There is a general consensus that past local and regional civilization collapse resulted from deteriorated land productivity followed by the inability to feed individuals. In most cases of civilization collapse, the land became inhospitable to the once established society, whether from volcanic eruption (North Mesopotamian Civilization [5]), soil degradation (Norse), drought (Mayan) or resource exploitation (Easter Island) [6]. No matter the underlying cause of environmental change, the failure to recognize over-exploitation of resources in a changing environment ultimately led to the demise of these civilizations; where the civilization continued along the normal course, until one day the bottom fell out [7, 8].

The inability to change perceptions and habits is thought to be responsible for the collapse of many civilizations. These cultural failures are linked to social and economic organization in societies that limit opportunities through myopic views [6]. For example, the Norse preferred to continue farming on degraded land rather than transition to a fish-based diet, and the Easter Islanders continued to make ahu and maoi figures despite dwindling forests. Alternatively, the ability to change behaviours and practices can reduce the impact or immunize the society against collapse. The successful transition from hunter-gatherer to plant cultivation and animal rearing in new locales prevented the Natufians of Southwest Asia from population collapse.

Today, the focus is placed on agriculture to feed the growing population. However, often neglected are the ecosystem services that supply agricultural systems: soil fertility, nutrients, water provision and purification, pollination, genetic biodiversity, atmosphere regulation, pest control [9, 10]. In turn, many agriculture systems act as a siphon, taking resources from natural land and giving little to nothing in return. In the short-term, there are evident anthropogenic benefits to intensive agriculture. The surge in food production over the last 60 years can be attributed to the Green Revolution, but these practices also contribute significantly to environmental damage [11].

There are multiple feedbacks between the human, natural and agricultural systems. Motesharrei and colleagues [3] argue that the feedbacks between the Earth and human systems must be incorporated in the models to avoid underestimating environmental challenges that humanity faces, and to avoid missing important non-trivial dynamics of the coupled system. They suggest that because of these feedbacks, changes in the environment can affect human health, reduce economic productivity and decrease agricultural yields. For example, increased consumption of water in densely populated cities can result in lower agricultural yields, as groundwater diminishes and freshwater quality declines. This over-exploitation of ecosystem services raises concerns about the long term sustainability of intensive agriculture.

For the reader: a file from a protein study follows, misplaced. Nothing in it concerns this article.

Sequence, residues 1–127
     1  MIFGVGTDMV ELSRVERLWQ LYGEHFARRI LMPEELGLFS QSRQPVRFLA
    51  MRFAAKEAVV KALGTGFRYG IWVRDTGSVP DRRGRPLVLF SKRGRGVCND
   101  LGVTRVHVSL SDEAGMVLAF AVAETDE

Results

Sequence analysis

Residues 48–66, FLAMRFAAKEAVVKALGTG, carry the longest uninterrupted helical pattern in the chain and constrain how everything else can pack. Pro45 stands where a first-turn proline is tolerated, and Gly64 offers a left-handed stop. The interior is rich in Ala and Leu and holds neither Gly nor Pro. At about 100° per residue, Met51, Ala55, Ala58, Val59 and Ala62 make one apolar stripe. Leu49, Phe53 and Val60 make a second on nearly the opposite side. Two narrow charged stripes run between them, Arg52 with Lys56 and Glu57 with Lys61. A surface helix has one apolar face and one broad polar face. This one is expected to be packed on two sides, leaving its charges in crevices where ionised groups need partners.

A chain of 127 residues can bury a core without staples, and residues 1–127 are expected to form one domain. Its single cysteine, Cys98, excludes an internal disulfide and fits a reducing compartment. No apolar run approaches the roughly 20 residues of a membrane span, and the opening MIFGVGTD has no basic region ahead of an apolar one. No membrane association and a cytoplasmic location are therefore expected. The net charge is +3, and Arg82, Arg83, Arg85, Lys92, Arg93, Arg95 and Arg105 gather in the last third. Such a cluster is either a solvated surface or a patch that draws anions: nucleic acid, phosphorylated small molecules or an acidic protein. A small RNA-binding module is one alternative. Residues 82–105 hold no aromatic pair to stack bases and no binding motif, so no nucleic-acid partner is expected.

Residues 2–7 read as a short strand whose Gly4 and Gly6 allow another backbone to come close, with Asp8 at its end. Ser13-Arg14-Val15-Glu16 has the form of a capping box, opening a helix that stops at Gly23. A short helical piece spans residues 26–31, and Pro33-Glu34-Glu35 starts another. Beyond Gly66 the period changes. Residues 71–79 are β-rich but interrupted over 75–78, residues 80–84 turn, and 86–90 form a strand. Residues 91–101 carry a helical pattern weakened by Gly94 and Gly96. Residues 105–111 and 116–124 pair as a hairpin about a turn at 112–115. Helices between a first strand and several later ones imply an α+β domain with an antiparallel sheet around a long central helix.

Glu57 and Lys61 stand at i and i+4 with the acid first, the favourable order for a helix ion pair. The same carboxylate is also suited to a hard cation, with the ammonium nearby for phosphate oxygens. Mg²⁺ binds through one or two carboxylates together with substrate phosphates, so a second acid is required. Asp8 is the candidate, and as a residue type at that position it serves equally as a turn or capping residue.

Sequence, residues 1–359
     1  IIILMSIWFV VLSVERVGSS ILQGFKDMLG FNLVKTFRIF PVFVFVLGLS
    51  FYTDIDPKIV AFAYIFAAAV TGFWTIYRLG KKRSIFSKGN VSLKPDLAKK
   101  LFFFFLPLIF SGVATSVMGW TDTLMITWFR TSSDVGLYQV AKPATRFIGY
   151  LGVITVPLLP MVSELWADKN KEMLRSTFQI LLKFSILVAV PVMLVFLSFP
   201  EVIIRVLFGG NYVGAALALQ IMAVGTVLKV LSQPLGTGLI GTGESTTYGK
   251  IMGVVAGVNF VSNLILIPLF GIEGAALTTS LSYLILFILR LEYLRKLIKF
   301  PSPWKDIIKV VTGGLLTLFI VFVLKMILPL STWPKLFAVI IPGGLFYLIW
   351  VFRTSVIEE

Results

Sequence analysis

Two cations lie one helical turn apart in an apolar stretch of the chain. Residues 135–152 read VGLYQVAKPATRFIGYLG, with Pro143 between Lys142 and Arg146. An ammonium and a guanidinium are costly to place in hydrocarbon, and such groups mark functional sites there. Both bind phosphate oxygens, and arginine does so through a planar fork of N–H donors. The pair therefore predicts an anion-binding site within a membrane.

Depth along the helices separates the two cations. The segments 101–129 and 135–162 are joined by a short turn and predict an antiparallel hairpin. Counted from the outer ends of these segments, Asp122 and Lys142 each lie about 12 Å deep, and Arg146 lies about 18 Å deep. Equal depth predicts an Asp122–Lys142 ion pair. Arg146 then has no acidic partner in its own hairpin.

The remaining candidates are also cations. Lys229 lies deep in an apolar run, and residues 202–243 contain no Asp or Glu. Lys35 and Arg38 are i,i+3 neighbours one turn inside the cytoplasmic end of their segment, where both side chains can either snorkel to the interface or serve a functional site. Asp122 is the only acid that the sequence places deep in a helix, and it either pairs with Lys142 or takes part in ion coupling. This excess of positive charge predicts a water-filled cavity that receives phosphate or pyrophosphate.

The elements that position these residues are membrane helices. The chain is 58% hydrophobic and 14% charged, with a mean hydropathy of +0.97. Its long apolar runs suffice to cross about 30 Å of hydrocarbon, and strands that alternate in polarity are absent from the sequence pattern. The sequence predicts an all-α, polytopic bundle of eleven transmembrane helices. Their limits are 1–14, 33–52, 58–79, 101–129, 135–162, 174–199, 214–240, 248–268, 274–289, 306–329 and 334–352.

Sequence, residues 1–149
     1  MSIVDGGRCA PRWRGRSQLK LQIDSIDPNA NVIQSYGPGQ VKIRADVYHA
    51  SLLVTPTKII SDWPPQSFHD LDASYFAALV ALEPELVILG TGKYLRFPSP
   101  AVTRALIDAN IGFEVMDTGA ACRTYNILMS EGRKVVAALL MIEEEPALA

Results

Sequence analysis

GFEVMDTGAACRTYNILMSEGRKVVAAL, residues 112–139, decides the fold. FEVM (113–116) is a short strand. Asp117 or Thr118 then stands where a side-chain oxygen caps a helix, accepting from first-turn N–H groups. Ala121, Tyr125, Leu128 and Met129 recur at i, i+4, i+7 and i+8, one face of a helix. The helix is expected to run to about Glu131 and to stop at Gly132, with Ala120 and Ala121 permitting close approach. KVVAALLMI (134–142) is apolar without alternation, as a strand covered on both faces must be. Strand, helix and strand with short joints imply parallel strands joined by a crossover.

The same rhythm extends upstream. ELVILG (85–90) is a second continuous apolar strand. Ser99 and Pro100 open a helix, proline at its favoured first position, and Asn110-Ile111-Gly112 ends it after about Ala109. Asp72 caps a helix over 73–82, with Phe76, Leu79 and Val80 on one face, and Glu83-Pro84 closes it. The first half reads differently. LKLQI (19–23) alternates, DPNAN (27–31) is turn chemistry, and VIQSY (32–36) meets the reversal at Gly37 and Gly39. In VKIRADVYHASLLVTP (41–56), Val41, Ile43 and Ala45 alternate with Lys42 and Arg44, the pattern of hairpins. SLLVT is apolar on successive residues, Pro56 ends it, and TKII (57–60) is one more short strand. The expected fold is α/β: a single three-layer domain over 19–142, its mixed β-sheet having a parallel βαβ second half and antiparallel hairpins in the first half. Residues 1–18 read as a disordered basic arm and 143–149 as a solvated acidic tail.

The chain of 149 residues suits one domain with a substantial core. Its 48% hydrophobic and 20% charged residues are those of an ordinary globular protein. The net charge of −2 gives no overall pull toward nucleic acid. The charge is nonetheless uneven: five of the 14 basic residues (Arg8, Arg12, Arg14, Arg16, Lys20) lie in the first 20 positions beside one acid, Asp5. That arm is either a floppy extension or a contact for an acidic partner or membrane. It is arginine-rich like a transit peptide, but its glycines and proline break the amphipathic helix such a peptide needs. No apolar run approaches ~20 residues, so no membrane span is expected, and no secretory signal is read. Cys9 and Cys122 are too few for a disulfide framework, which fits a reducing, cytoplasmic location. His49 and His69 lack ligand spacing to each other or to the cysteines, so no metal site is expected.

There are many parallels in today’s society with earlier civilizations, the major difference being that we are a global society, which may potentially have much greater implications if a collapse were to occur. The Earth is not limitless. There exist planetary bounds and as such it is axiomatic that demands should not surpass biocapacity and available resources; that population levels cannot continue to grow with the same use of resources and agriculture; that the rapid depletion of non-renewable resources, without seeking renewable alternatives, is unsustainable. Individuals throughout history, including today, share in the ignorance about these concepts, believing in a cornucopian existence. Previous examples of collapse occurred unbeknownst to the individuals. We do, however, have a distinct advantage over societies in the past because we can anticipate the future [12]. Our power of foresight is not perfect, but models allow us to highlight potential shortcomings and feedbacks in social, ecological and economic practices [2, 3].